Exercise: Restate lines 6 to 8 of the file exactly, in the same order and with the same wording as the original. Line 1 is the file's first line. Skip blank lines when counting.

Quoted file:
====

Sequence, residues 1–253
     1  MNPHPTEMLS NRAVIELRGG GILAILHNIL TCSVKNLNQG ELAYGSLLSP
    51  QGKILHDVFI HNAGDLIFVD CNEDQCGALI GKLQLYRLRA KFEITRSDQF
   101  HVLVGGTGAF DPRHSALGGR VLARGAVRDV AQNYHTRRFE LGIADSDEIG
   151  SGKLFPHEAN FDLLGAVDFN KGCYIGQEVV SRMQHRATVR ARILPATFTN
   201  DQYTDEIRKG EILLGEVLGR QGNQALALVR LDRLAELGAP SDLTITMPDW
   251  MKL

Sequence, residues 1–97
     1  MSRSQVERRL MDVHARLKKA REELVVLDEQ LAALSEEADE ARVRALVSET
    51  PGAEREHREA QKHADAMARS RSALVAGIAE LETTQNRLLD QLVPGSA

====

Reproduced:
   201  DQYTDEIRKG EILLGEVLGR QGNQALALVR LDRLAELGAP SDLTITMPDW
   251  MKL

Sequence, residues 1–97